The recent judgment of HHJ Jarman QC provides a helpful reminder of what someone claiming the benefit of a deathbed gift (donatio mortis causa) must prove. It also highlights that applying the law is not necessarily synonymous with dispensing fairness. Tim Jacques explains the case here.

The facts

Alan and Margaret Bailey had no children. In 2009 they each made a will leaving their estate to the other. Margaret died in January 2019. Alan subsequently made an appointment to make a new will, but did not execute it. He died in May 2019 and his estate, including everything that he had inherited from Margaret, passed to his siblings under the laws of intestacy. Margaret’s siblings were entitled to nothing.

Alan and Margaret were wealthy. They understood that on the death of the first of them, the other would need to make a new will. The court found that they intended that both sides of the family should benefit substantially from their estates. HHJ Jarman QC observed: “The claimants are deserving of sympathy as in the event, Mr Bailey did not live long enough to ensure that his will was changed to bring this about. If the law permits a way to “put things right”…then in my judgment the court would not need to strive very hard to do so. On the other hand, such sympathy cannot justify the court attempting to fit the facts into strict legal requirements if objectively those requirements are not made out.”

The legal requirements

Margaret’s siblings relied upon two groups of ‘gifts’ made by Margaret and / or Alan, which they argued constituted valid donationes mortis causa. Firstly, following her diagnosis with terminal cancer Margaret completed a checklist provided by Macmillan Cancer Support in which she indicated that Alan’s brother should receive a butcher’s shop and her brother and sister “the equivalent”. Secondly, after Margaret’s death Alan gave one of the claimants a file of papers concerning a house, saying that Margaret had wanted her to have it and that was what he wanted too.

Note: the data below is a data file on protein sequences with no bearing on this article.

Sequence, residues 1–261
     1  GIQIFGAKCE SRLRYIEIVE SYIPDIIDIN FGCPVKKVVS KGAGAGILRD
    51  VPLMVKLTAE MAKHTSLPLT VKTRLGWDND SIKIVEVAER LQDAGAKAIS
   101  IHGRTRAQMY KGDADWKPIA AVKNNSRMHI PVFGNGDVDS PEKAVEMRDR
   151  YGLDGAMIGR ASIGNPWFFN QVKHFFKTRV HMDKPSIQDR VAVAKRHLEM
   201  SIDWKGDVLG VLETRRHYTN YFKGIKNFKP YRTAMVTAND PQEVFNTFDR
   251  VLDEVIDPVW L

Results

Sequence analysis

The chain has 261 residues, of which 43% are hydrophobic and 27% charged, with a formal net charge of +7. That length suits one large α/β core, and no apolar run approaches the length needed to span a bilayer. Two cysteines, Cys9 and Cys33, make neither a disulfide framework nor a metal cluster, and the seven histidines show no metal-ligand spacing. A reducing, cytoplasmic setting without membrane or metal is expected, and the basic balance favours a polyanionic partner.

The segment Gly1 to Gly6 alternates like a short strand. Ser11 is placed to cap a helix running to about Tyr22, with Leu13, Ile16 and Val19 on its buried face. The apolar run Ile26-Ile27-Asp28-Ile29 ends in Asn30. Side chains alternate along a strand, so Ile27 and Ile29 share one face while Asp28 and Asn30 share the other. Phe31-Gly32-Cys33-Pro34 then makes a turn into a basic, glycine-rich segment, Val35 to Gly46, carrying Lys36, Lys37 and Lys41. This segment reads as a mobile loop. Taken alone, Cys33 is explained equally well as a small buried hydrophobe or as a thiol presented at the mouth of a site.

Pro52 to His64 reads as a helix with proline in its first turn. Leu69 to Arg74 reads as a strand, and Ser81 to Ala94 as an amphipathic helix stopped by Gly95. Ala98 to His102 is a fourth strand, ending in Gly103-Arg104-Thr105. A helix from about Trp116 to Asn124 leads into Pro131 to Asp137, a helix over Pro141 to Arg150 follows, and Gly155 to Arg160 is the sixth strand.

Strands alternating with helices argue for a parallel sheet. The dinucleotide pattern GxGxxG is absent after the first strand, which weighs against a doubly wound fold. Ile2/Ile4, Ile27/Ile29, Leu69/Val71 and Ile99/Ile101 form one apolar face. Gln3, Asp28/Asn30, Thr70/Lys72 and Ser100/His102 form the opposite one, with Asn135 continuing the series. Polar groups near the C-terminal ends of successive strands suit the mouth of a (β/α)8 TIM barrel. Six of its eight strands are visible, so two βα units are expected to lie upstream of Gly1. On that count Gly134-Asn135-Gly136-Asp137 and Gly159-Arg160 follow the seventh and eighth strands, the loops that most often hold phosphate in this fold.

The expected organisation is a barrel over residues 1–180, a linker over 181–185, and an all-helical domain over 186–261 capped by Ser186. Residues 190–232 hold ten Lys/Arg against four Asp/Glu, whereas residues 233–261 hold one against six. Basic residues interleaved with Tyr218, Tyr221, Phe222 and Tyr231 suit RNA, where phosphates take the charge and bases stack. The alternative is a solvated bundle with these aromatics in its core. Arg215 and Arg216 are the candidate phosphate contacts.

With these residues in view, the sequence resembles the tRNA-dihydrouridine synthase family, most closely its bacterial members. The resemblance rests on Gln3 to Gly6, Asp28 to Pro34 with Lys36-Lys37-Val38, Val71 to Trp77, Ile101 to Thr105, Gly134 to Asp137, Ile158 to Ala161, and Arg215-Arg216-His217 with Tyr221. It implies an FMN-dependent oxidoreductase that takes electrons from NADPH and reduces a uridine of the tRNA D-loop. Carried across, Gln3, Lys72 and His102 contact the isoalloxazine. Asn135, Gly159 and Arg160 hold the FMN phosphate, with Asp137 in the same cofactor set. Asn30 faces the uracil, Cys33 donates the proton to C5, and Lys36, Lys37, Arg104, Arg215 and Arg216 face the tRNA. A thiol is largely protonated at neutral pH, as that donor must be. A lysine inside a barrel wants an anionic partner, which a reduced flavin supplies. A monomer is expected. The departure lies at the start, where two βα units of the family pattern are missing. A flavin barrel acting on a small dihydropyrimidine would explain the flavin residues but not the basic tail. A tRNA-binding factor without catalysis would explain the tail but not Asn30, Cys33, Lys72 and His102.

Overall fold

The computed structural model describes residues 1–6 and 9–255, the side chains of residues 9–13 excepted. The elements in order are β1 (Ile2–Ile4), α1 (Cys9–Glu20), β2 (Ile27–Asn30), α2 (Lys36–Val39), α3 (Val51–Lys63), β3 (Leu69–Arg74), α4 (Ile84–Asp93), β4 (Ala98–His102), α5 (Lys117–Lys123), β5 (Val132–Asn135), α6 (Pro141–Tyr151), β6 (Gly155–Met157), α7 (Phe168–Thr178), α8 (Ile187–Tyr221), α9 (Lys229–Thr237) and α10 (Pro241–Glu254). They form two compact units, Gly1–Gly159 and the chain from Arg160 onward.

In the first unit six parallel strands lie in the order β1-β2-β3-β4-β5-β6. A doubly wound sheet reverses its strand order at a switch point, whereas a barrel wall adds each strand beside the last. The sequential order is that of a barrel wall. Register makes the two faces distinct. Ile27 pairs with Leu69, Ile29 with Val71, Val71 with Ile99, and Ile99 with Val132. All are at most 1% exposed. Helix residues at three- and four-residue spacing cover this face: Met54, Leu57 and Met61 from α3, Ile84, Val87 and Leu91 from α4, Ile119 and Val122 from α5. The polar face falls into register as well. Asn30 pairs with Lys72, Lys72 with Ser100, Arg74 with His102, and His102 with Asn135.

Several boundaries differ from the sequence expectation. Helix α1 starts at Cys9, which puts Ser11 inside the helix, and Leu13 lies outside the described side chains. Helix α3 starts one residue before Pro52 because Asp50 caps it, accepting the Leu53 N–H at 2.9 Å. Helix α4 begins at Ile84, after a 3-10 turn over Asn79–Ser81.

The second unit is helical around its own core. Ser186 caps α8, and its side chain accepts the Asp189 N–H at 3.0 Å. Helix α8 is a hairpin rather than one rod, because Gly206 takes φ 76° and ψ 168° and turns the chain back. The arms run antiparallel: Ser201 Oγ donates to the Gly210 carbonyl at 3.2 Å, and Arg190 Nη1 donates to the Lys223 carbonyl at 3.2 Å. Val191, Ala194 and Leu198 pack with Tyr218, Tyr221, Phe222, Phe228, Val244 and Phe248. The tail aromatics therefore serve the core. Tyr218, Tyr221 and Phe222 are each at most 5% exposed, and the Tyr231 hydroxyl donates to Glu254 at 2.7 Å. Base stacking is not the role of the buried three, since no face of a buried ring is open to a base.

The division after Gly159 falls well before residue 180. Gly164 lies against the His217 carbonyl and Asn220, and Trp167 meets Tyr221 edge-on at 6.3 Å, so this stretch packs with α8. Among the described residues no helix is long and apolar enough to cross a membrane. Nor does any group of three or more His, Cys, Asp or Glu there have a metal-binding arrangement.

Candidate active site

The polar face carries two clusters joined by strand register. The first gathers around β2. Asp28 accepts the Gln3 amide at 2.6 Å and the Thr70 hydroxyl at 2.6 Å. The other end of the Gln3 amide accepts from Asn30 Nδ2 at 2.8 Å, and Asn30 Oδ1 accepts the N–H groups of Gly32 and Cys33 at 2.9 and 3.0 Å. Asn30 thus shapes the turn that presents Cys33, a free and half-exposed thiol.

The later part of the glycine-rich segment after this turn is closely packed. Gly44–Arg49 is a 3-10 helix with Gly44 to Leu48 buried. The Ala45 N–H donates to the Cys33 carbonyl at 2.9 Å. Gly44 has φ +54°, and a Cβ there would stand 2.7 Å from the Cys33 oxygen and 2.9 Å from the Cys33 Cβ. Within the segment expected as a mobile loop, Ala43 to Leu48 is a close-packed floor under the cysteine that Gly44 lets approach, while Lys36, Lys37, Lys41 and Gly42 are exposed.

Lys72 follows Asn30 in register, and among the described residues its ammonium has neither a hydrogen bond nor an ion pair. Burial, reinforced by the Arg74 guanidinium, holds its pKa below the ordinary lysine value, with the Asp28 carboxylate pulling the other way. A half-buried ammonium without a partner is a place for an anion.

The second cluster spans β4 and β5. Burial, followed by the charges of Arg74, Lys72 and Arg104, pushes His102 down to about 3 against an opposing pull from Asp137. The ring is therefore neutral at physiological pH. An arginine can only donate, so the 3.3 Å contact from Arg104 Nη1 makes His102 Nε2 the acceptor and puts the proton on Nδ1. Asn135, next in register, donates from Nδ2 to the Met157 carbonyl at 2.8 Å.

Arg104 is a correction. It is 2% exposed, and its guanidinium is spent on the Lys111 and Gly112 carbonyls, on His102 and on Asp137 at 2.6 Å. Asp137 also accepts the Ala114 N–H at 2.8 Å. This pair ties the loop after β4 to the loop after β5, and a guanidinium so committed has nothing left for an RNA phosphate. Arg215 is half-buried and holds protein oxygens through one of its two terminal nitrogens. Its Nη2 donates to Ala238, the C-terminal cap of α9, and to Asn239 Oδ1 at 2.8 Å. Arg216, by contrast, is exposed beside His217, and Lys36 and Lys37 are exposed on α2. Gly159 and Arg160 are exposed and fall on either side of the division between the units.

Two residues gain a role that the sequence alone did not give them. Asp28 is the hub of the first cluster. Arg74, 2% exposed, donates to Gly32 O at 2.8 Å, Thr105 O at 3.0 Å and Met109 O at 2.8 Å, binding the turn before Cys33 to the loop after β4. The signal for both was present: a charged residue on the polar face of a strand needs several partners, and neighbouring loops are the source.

HHJ Jarman QC set out the three requirements of a valid deathbed gift:

1. D (the donor) contemplates his impending death;

2. D makes a gift which will only take effect if and when his contemplated death occurs. Until then D has the right to revoke the gift;

3. D delivers dominion over the subject matter of the gift to R (the recipient).

He stressed that the court must not use an alleged deathbed gift as a device to validate an ineffective will.

Neither of the gifts relied upon by the claimants met the requirements. Whilst the form had been completed by Margaret in contemplation of her impending death, she had not intended by it to make any gift upon her death, but rather to express her wishes as to what Alan would incorporate into his new will. Furthermore, there was no gift of specific property over which dominion could be delivered.

The second gift failed at the first limb. Although grieving after Margaret died, Alan was in good health when he gave the file of papers to the claimant. He unexpectedly died three months later following a heart attack. The gift could not therefore be said to have been made in contemplation of his impending death.


HHJ Jarman QC concluded by reiterating that the task of the court was restricted to considering whether the strict requirements for a valid deathbed gift had been met, albeit the claimants’ failure to meet these requirements did not prevent the defendants from making voluntary gifts to them from the estates “should they feel so inclined.”

A copy of the judgment of Davey v Bailey [2021] EWHC 445 (Ch) can be found here –

Tim Jacques accepts instructions in contentious probate and Inheritance Act claims, and has experience of acting for claimants, beneficiaries and personal representatives. You can read more about Tim on his profile here.